Long after COVID-19 virus is tamed, its behavioral health impacts will remain in Eagle County
During 2020, the five-year dispatch veteran got a front-line education about how a year of COVID-19 has impacted behavioral health in Eagle County. As Almanza reported for his dispatch shifts during the past 12 months, he heard an evolution of desperation. At first, he noted, people were confused and fearful. They needed help and didn’t know where to turn. Then, as time rolled on, there were waves of anger and depression. Engulfing everything was a haze of fatigue.
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When Depression Persists
Depression is a chemical imbalance in the brain that can cause long-lasting feelings of sadness, anxiety and a sense of “emptiness.” Some people experience a loss of interest in life, appetite and weight changes and/or sleep disruptions.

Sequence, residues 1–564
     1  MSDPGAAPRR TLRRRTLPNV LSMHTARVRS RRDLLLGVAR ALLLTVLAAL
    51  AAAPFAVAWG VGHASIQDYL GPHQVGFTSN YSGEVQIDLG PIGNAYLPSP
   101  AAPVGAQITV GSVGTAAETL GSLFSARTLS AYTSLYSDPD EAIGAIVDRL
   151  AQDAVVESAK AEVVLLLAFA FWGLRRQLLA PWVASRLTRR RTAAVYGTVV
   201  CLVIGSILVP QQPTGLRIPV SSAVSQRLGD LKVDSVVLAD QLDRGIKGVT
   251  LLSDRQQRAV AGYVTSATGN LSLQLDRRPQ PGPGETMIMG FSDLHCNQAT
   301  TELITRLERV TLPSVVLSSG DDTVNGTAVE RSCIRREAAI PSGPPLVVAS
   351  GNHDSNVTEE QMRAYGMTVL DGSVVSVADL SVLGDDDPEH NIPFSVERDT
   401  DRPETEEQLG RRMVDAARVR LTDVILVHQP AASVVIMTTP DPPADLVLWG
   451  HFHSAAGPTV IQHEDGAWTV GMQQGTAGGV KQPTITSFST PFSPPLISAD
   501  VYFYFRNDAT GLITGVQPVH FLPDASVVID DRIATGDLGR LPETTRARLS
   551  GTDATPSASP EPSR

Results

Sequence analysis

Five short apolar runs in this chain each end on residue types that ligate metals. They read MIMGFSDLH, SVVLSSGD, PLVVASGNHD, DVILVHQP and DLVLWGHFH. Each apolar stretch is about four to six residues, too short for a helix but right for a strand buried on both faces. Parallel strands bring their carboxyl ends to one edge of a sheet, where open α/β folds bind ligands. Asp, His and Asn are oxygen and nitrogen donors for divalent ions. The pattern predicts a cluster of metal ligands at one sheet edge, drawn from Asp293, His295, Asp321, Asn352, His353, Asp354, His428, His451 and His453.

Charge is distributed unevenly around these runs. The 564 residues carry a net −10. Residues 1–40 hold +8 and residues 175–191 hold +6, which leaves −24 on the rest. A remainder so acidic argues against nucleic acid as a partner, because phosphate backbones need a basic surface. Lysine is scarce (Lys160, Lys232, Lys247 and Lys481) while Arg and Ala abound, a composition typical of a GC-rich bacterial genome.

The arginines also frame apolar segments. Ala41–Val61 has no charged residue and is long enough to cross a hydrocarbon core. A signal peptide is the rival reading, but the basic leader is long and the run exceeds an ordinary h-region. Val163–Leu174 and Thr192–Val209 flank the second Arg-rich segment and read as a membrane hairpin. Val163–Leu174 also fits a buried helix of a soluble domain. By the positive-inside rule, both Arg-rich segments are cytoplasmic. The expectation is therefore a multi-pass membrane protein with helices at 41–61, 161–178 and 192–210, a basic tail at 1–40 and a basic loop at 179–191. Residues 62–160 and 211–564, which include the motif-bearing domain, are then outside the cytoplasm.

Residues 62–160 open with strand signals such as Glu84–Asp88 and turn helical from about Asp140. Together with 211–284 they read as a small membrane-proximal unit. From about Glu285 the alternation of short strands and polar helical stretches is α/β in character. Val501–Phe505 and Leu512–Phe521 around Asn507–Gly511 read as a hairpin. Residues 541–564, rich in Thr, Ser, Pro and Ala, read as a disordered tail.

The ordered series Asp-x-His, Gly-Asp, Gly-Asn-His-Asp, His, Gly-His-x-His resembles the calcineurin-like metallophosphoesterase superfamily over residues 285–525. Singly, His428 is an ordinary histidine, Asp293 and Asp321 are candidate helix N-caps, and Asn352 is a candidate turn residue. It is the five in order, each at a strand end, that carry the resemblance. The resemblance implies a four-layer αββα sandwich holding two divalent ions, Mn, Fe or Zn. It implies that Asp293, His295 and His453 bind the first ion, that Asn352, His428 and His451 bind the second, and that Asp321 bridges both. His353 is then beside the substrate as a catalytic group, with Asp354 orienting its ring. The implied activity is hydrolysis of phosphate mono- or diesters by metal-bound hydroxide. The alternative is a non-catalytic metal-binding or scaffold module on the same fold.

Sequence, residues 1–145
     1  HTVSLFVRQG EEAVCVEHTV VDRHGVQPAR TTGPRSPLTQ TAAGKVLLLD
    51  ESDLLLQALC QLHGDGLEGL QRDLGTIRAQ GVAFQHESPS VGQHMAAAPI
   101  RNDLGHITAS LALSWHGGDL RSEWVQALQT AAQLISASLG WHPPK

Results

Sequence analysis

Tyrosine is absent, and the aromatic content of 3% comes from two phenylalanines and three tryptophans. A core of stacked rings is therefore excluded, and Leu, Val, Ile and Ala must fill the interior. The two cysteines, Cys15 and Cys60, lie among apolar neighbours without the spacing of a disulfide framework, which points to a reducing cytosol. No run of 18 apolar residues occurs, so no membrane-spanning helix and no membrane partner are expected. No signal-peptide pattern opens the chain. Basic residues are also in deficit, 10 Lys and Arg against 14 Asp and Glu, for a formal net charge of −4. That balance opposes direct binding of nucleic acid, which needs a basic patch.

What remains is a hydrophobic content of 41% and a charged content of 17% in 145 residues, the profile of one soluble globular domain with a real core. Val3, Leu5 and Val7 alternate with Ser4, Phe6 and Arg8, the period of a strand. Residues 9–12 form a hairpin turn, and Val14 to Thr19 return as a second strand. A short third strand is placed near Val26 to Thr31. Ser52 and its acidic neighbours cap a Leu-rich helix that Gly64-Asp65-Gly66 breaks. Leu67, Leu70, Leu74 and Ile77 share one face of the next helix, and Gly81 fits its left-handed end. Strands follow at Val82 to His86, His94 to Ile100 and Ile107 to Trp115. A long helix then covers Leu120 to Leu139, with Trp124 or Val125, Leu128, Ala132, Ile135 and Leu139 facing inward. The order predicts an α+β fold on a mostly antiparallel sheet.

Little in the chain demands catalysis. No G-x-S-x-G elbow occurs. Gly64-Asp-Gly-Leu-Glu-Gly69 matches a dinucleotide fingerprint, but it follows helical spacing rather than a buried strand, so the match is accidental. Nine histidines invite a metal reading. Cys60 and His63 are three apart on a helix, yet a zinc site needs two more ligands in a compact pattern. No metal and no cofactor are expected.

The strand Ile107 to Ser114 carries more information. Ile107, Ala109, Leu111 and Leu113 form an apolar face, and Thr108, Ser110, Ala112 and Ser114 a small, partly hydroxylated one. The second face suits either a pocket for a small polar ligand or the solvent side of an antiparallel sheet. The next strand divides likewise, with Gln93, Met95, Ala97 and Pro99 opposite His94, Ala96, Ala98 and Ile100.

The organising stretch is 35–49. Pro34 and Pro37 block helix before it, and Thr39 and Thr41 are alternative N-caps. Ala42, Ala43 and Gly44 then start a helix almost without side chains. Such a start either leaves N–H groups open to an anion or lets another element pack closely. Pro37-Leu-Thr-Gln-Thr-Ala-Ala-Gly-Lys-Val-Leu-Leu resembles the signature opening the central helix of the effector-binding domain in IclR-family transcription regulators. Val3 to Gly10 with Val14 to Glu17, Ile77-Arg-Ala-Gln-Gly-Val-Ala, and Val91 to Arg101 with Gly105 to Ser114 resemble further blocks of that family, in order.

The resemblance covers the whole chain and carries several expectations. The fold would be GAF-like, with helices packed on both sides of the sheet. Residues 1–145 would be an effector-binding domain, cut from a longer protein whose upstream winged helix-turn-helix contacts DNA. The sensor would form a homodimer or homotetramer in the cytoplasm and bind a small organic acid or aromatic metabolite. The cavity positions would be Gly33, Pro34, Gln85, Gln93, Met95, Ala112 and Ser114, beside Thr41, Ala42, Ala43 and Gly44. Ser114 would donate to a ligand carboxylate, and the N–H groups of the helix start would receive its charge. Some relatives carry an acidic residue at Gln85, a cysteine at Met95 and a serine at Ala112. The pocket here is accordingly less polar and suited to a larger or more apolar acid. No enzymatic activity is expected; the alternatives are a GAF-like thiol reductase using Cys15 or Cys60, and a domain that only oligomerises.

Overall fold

Stop Drinking for Good
As “Dry January” comes to a close, consider the idea of cutting alcohol out of your life altogether. While drinking has been normalized for centuries, and is often ingrained in the culture of ski resort communities, the truth is that beer, wine and spirits are actually comprised of ethyl alcohol or ethanol, a highly flammable chemical that is also used as a fuel additive or industrial solvent.
The future is psychedelic: Vail Health Innovation Center director’s research digs into psilocybin as a treatment for depression
Vail Health’s Dr. Charles Raison is at the forefront of psilocybin research, both inside and outside of the organization.